Not only were the countrys natural resources to be brought back under national control
(which was the economic essence of de-colonization, and necessary for mobilizing all
available means for the nations development, without any drain on account of the
dominance of foreign capital), and the production pattern altered from what had been
dictated by the colonial division of labor, but the benefits of all these measures were to
accrue to the people at large by ensuring that wealth and income inequalities were kept in
check. The point here is not whether planning actually achieved these objectives (it
obviously did not); the point is that this was the perception which informed planning and
it was in keeping with the promise of the anti-colonial struggle.

Extinction the Result of Neo-liberalism

The fact that neo-liberalism entails a break with this perception, the fact that the neo-
liberal state is qualitatively different from the postcolonial state (even when both
promote capitalism in different ways), underlies the extinction of the old Planning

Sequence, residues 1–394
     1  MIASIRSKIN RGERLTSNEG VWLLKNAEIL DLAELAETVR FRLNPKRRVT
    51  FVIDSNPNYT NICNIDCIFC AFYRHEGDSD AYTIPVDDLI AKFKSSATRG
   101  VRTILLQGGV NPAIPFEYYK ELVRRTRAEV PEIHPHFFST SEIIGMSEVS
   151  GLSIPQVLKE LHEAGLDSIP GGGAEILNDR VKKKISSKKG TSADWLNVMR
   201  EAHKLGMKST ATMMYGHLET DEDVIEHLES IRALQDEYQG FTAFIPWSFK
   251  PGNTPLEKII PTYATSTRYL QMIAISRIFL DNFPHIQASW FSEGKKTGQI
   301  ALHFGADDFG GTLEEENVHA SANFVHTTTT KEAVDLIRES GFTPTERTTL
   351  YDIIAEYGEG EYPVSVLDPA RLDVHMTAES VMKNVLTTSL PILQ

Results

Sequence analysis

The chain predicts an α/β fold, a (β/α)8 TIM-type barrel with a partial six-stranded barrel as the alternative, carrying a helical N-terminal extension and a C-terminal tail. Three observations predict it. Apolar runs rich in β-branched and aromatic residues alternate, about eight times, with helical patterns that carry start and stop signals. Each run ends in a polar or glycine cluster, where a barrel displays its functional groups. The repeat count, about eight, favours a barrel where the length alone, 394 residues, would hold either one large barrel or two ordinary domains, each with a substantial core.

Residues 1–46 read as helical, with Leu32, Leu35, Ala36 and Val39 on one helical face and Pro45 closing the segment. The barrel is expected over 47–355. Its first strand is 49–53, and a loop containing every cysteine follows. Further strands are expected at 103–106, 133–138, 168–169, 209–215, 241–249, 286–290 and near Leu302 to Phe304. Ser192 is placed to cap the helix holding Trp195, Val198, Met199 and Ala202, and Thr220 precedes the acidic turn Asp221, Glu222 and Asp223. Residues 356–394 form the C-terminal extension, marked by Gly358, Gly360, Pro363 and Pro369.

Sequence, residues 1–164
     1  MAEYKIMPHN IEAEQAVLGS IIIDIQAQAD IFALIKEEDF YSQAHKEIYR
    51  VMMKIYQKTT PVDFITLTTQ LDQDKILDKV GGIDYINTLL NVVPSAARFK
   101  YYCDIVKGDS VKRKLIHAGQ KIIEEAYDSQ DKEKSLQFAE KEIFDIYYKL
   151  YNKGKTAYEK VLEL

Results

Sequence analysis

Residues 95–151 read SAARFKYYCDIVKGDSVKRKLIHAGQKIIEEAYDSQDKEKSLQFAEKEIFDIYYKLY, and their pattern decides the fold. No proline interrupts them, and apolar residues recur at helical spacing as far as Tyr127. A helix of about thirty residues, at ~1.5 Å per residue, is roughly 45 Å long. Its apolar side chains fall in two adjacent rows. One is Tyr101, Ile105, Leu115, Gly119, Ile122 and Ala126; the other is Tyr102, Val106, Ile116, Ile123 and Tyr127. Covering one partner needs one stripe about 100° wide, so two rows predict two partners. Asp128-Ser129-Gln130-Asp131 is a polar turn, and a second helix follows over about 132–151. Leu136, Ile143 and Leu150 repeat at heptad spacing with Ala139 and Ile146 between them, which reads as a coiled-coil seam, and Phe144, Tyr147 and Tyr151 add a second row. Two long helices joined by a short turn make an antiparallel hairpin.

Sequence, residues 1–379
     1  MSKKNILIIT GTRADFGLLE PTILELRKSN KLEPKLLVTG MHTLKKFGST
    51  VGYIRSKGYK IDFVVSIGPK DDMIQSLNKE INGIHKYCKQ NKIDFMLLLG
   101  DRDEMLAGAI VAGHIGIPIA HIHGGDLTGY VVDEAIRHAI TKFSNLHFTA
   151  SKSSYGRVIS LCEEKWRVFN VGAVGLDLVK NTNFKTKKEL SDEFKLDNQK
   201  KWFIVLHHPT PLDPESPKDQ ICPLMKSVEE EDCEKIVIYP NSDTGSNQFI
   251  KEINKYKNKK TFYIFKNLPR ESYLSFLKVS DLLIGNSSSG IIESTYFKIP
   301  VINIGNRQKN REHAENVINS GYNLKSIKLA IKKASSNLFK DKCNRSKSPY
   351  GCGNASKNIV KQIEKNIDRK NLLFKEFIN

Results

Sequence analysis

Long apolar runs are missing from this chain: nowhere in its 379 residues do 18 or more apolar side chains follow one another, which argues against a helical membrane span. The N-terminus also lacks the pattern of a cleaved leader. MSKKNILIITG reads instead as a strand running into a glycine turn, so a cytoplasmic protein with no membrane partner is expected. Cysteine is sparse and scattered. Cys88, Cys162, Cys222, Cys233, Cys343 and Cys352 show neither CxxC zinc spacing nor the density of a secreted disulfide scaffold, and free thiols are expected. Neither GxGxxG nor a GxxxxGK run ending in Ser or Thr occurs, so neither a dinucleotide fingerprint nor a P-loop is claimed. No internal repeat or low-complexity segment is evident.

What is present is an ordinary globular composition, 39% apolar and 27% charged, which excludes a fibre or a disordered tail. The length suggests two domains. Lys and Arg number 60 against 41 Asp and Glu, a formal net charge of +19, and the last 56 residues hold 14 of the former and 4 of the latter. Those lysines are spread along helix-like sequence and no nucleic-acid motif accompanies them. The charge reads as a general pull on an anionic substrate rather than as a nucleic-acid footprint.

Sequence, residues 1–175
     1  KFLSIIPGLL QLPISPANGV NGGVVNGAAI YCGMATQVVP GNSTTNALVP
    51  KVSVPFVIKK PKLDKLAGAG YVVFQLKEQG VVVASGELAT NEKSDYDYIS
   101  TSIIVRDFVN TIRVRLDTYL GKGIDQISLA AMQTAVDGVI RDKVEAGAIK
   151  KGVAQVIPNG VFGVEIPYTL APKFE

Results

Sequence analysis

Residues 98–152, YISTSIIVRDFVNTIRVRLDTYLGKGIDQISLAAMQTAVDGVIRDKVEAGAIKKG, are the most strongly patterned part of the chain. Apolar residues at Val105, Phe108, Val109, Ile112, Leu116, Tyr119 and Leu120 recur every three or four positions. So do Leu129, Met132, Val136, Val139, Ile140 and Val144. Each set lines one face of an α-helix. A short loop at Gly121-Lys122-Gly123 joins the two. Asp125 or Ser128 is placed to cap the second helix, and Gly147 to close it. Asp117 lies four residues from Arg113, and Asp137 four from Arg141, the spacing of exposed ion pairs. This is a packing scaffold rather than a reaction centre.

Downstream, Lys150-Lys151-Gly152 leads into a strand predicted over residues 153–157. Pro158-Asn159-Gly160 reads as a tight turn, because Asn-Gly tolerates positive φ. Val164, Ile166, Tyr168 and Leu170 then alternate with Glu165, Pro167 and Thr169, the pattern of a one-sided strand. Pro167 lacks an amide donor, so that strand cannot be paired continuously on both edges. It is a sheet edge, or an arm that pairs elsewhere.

Commission. Its extinction is not linked per se to the collapse of the Soviet Union
(though it is obviously not unrelated to the change in the international scenario following
this collapse); it is linked directly to the abandonment by the Indian state of any anti-
colonial, or more generally any anti-imperialist, agenda, and to its embrace of
international capital with which the domestic corporate-financial oligarchy is closely
It is not just the policy direction of the neo-liberal state that prevents a planning body
of the type that the Nehruvian era had envisioned; the very structure of a neo-liberal
state, where the Ministry of Finance is elevated to a domineering status above all other
official organs and is in turn occupied by employees of the World Bank, the IMF
(International Monetary Fund) and other institutions of finance capital, who are thereby
basically put in charge of the economy, has little room for any such autonomous
Planning Commission.
The Manmohan Singh government, committed to neo-liberalism but wary of being
accused of deviating from its Nehruvian ancestry, sought an amusing way out of this
impasse: it retained a Planning Commission, but neo-liberalized its key personnel.
Narendra Modi has gone one step further and has dismantled it altogether, making India
join, quite openly, the ranks of several other third world countries, where, basically,
global financial bureaucrats get entrusted with the task of running the economy. The
transition from the Planning Commission to the Niti (National Institution for